pitch for it’s own reasons. Other surfaces are steel, lead, which is
pretty soft, wood, which is also pretty soft even if it’s hardwood,
and pewter or typemetal. We use a typemetal block to trademark rings
on and it’s perfect for that. Pewter is close - modern pewter is I
guess 100% tin or nearly so. Another thing some people do is buy
solder by the pound - like 50-50 plumber’s solder or whatever blend
they like. All of those metals can be melted on a hotplate and cast
into a cardboard box. Tape the box around the seams and coat it
lightly with vaseline inside…

Just a suggestion…change your power when striking, use thicker
metal, or engrave instead. Use a pad of leather…thick…between
your bench block and your metal.


If you want something a bit harder than lead, and softer than steel,
I have found Tin is a good compromise.

Find an old Pewter tankard at a car boot sale (they are out of
fashion at the moment) and melt that down in an old cast iron
saucepan. (same source!)


When forging copper, which I do alot of, I use the traditional
ashwood stump. If I need more give,to emboss more deeply, I either
use a stack of magazines or some boot leather to get the effect.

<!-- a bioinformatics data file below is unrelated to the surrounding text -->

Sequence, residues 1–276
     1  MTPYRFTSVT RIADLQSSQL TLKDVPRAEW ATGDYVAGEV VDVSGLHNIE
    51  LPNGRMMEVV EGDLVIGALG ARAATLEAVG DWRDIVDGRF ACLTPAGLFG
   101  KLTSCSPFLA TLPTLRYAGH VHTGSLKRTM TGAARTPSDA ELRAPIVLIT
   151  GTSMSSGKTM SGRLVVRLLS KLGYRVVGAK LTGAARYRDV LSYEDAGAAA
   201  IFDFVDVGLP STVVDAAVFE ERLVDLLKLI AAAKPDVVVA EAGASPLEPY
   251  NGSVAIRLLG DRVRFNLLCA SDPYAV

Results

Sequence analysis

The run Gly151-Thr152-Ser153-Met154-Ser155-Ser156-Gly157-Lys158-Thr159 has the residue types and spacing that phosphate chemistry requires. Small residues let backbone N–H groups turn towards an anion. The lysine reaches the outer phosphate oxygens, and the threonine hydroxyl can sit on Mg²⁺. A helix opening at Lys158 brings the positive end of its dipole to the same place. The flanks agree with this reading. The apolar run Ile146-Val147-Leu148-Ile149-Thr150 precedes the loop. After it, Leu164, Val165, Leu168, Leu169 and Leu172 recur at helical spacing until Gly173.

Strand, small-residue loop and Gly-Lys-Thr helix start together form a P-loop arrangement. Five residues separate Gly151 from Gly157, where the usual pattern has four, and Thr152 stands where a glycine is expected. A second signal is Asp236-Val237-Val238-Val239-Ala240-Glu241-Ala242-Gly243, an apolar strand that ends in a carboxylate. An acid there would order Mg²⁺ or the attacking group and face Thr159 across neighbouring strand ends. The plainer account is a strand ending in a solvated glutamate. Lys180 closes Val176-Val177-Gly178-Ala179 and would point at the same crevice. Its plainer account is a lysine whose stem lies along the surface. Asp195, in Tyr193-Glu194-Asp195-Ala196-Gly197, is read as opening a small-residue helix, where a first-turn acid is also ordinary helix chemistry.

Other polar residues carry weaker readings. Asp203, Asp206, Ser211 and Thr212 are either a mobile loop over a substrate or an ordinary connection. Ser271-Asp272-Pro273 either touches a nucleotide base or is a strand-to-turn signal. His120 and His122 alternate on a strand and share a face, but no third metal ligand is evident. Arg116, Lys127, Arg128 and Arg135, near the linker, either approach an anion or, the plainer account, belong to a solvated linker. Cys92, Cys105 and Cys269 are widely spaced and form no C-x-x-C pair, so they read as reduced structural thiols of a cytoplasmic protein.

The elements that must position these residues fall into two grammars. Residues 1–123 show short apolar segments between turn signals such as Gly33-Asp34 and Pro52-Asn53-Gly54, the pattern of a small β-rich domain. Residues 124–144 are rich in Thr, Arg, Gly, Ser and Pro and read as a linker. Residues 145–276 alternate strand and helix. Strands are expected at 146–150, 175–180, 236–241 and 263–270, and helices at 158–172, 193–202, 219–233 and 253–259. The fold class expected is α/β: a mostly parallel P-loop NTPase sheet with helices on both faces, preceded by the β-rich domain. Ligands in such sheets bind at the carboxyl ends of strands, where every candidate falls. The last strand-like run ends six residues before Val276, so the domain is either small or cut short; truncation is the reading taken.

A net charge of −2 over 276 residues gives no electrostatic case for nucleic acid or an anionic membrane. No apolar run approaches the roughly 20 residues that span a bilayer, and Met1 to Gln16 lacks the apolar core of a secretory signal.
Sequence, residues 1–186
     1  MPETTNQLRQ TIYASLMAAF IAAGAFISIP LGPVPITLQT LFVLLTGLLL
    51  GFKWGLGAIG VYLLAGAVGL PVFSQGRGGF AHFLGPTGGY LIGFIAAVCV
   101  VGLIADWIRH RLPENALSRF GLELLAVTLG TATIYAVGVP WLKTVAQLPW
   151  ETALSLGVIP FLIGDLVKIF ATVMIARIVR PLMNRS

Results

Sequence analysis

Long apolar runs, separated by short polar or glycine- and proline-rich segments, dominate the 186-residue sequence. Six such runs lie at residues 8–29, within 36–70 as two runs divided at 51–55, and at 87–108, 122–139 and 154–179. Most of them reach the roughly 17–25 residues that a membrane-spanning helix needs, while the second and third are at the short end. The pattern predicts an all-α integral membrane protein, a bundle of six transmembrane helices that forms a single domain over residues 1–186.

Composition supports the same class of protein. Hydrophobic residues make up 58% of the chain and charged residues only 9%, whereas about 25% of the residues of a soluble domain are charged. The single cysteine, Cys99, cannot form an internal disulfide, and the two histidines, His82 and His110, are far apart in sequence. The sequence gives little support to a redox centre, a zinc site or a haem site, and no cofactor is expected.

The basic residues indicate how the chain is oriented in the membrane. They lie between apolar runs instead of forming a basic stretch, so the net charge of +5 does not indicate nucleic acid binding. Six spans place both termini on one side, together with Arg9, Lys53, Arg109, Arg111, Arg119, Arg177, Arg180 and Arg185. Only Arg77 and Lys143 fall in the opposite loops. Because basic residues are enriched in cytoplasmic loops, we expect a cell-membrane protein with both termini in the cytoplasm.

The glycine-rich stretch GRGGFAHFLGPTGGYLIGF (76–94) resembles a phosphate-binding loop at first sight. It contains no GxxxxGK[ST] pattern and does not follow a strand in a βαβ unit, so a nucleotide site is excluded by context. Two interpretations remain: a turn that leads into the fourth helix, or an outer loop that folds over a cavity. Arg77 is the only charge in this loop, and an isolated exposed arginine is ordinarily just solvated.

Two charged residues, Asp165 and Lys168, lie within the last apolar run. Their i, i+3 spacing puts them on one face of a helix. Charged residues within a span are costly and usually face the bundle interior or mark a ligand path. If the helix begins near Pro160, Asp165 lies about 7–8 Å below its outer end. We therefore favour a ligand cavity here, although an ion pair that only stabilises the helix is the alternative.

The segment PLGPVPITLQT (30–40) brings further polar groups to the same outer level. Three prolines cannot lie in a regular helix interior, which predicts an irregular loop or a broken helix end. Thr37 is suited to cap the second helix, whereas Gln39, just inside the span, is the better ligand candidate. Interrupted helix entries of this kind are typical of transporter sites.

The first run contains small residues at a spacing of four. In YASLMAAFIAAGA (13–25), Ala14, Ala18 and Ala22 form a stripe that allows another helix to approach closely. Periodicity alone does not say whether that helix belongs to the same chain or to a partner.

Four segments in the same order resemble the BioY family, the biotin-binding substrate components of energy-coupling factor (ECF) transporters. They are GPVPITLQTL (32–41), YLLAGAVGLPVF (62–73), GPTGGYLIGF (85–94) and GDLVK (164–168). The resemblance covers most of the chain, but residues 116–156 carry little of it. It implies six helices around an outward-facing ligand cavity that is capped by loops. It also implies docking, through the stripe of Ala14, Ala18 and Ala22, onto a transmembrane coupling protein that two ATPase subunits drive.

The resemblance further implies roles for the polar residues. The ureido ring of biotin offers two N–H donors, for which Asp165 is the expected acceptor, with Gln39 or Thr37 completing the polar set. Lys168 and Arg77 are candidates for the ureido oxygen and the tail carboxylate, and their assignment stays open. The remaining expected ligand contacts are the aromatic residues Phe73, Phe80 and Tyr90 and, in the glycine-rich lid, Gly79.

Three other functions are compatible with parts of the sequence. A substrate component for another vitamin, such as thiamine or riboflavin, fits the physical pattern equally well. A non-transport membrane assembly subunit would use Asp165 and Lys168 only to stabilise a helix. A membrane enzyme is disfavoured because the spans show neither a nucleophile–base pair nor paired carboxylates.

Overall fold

When stamping, I use a piece of railroad iron or a heavy plate of


Steel rule die cutting uses tempered or un tempered Masonite,
Depending on whether it is machine or hand cutting same with the use
of gasket punches or leather working punches. It protects the
cutting edge will give a little too. The un tempered more than the
tempered. The clicker presses in leather work use the UHMW plastic
or thick red or black rubber sheeting. It is gasket or diaphragm

Along the plastic line a trade name of Sintra that is used in model
making and signs is a hard surface soft in side material that will
support yet give you can try. As it takes a good impression in it
own right.

Low melting metals that can be used as a backing. McMasters-Carr has
a whole range that go from the melting in a pot of boiling water to
the exotic for price.


Dear Allan: The best way I know to do a double sided stamping is to
make a two sided die, and if edge shape is important, then you will
need a collar as well. The object gets struck all at once. This the
basic set-up for any coining operation.

Yes, it is quite a bit of work to make such a set of tools.

Phillip Baldwin


I think that Aquaplast now sells what used to be called Protoplast
as Friendly Plastic only. Aquaplast is available for broken bones and
F.P. for artists to use. Available in pellets, sheet, etc.

Do correct me if I’ve got my info wrong.


Depends on the back surface. Flat back and clamping hard to polished
hard steel works well, clamp to avoid the work from 'bouncing up’
leaving a negative impression on the back. For large inside ring
stamps with a detailed outside I use a 158 bismuth alloy. Heat and
imbed the shank, stamp and remove. Harder than lead with the same
problems but it works well. Water based poster paint or white out
does work well as a resist to the bismuth alloy sticking, but
normally it just flakes off.

Use care, not an idiot proof technique.